Development is the process of growth, or changing from one condition to another. In economics, development is change from a traditional economy to one based on technology.


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Anthropology, Sociology, Geography, Human Geography, Social Studies, Economics

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Development is when something grows or changes. In economics, it has a more specific meaning. It means when a country's economy becomes more advanced. Often, the economy goes from farming to newer kinds of technology.

A traditional economy is usually about surviving. Families may grow their own food. Or they may hunt and gather. They also make much of what they need. An example of a traditional economy is the Inuit people in the United States' Alaska and Canada.

However, most traditional economies are not in richer countries. Instead, most traditional economies exist inside poorer countries. They are often called "developing countries."

For example, the Maasai tribe practice a traditional economy. Many Maasai live in the country of Kenya. But, Kenya's economy isn't just a traditional one. It is a mixture of traditional and modern.

Developing economies often farm. They may also sell raw materials to developed countries. Some raw materials are oil, coal, iron, rubber, and wood.

Modern Economies Are Big and Complex

Developing countries do this if they don't have the technology to make them into finished products. So, they may sell oil to a developed country. Then they buy finished goods made with the raw materials from developed countries. For example, they buy gasoline or plastic goods made from their oil.

Developed countries have modern economies. Modern economies are more complex. They don't just farm or sell raw materials. Modern economies have more manufacturing. They also have a bigger "service" sector. Anything that isn't a physical good is in the service sector. This includes retail, banks, hotels, real estate, education, healthcare, computer services, recreation, media, and communications. It even includes electricity, gas, and water supply. Modern economies are much larger. People aren't just trying to survive.

There are different ways to identify a developing country. One way is the gross national income (GNI) per person. To measure the GNI, first add up the total value of the goods and services in a country. Then divide that by the number of its people.

Developed nations have much higher GNI per capita. The United States has a GNI per capita of $48,000.

Highly developed countries are very industrialized. People use technology throughout their daily lives. The U.S. is an example of a highly developed country.

People in Developed Countries Live Longer

Developed countries usually have higher literacy rates. Most of the population can read and write.

People in developed countries have a high life expectancy. Life expectancy is how long a person can expect to live. Japan is a highly developed nation. It has the highest life expectancy of any country. The average Japanese citizen lives about 82.7 years. That number comes from a World Health Organization study in 2017.

In developed countries, more people are between 15 and 64 years old. Uganda is a developing country. Half of its population is under 14.

In developed countries, most adults work. Yet in a developing country many people could be without a job. That country would have a high unemployment rate.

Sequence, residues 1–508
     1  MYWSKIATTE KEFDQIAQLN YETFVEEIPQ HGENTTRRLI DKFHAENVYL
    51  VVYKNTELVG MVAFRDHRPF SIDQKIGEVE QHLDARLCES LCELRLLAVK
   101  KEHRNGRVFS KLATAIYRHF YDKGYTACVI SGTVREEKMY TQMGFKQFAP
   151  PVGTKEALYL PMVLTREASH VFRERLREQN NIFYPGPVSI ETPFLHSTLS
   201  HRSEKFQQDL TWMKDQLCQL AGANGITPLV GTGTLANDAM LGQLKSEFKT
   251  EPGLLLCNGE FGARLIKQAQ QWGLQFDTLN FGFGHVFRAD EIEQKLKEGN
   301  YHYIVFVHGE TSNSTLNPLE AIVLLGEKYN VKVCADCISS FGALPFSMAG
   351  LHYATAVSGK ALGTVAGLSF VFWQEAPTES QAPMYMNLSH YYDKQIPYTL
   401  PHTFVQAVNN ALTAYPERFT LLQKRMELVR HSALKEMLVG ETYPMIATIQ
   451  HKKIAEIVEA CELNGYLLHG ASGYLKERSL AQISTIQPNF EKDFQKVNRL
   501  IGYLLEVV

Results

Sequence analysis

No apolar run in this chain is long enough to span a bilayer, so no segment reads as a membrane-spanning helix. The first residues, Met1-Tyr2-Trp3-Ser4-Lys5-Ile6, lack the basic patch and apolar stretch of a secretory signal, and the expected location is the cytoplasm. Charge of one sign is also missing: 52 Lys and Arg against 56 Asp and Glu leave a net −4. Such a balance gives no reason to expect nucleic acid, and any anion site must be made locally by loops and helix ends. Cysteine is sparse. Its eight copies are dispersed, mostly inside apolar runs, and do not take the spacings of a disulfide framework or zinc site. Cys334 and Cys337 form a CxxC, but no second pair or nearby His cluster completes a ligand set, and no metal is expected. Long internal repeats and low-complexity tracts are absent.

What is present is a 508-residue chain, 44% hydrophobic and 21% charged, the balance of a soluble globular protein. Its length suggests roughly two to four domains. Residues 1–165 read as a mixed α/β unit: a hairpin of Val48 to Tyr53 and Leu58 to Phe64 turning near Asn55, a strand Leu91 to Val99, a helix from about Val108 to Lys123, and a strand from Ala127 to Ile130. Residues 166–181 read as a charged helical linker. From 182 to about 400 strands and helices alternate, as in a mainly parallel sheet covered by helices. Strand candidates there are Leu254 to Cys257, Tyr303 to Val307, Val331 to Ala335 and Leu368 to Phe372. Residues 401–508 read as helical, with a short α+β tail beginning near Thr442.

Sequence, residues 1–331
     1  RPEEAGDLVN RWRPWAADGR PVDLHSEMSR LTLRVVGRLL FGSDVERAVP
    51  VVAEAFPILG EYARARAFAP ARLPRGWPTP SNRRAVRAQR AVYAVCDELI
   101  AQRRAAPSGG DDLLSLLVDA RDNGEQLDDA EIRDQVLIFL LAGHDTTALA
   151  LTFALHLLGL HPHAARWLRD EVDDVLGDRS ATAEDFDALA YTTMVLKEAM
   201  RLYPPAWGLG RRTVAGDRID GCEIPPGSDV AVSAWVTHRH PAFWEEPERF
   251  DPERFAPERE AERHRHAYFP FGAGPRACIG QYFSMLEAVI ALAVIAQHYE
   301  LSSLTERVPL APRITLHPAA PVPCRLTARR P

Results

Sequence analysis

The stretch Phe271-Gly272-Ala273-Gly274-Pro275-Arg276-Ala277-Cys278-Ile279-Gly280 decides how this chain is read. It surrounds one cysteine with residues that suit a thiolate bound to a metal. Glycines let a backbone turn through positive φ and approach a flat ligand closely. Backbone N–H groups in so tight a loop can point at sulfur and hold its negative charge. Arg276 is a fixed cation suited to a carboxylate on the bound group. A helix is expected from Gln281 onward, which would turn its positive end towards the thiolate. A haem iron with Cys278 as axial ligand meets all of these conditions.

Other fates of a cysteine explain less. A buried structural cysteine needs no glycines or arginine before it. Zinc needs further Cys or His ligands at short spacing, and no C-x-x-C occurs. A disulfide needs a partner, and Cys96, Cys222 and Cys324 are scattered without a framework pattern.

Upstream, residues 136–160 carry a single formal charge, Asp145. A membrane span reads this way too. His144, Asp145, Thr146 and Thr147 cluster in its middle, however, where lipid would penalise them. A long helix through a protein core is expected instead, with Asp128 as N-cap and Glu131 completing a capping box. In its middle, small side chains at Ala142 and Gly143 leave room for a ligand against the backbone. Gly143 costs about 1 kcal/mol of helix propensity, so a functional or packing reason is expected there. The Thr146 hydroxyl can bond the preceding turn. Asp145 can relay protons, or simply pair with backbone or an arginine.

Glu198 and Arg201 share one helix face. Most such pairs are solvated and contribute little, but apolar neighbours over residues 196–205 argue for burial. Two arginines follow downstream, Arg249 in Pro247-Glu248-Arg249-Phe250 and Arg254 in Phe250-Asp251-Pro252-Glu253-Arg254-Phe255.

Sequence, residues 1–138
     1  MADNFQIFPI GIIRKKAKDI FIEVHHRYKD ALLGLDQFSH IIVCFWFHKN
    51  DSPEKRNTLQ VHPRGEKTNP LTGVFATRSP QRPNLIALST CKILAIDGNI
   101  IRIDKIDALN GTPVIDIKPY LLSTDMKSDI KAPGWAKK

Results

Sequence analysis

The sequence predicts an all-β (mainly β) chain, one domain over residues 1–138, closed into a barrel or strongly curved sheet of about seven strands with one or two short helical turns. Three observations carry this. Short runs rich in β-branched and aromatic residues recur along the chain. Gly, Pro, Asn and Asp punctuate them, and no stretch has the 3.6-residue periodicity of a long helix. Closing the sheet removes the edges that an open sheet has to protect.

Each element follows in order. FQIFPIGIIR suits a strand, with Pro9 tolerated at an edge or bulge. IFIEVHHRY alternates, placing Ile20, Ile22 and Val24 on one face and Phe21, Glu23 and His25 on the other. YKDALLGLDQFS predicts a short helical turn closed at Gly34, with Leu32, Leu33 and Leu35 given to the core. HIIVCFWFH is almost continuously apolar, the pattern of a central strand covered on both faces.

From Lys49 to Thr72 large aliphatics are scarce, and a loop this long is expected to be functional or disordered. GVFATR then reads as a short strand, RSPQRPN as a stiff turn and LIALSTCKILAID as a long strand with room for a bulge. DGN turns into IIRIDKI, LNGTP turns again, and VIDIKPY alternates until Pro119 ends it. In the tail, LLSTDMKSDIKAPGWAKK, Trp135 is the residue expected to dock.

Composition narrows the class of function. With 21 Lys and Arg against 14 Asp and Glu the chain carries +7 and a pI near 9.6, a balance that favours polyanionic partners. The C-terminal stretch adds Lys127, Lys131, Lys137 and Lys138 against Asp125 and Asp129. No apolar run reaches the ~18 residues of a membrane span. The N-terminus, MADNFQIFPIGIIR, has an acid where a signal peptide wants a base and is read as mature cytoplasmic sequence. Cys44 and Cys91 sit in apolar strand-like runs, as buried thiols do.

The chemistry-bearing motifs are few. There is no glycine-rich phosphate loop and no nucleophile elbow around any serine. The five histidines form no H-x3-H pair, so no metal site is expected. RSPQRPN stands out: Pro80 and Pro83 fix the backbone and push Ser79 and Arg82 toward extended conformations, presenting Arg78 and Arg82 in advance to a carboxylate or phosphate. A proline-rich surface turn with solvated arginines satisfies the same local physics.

Developed countries usually have a large middle class. Middle-class incomes fall between poverty and great wealth.

Electricity Is a Sign of Development

As countries develop they often make more agricultural products. Farming technology improves. Better technology lets farmers plant more grain and grow more fruit. Farmers are able to grow more. People in rural areas earn more.

Another sign is exports. Exports are products made in one country. They are sent, or exported, to another country.

Electricity can also show the level of development. More developed countries use more electricity.

Oil, natural gas, and coal are used to make electricity. These raw materials can be expensive. They can also run out. Some developing countries try to use renewable energy. This kind of energy can't be used up. Solar and wind power are renewable energy.

Newly industrialized countries are growing quickly. They are not as poor as developing nations. Yet they are not as rich developed countries. People also aren't as educated as in developed countries. Newly industrialized countries include India, Brazil, and Thailand.

Fast Fact

Another BRIC in the Wall
The economies of Brazil, Russia, India, and China are sometimes grouped together as "BRIC." These countries are not part of a political or trade alliance. However, they are all large countries with large economies that are growing very quickly. Some economists believe that by 2050, the economies of BRIC countries will be larger than the United States or the European Union. South Korea and Mexico are sometimes compared to BRIC countries.

Fast Fact

The Good Life
The United Nations rates the development of nations using the Human Development Index (HDI). In addition to GNI per capita, the HDI takes into account literacy rates, school enrollment, and life expectancy. According to the HDI, in 2010 Norway was the most developed nation in the world. The United States was fourth.

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Hilary Costa
Erin Sprout
Santani Teng
Melissa McDaniel
Jeff Hunt
Diane Boudreau
Tara Ramroop
Kim Rutledge
Hilary Hall
Mary Crooks, National Geographic Society
Tim Gunther
Jeannie Evers, Emdash Editing, Emdash Editing
Kara West
Educator Reviewer
Nancy Wynne
National Geographic Society
Last Updated

October 19, 2023

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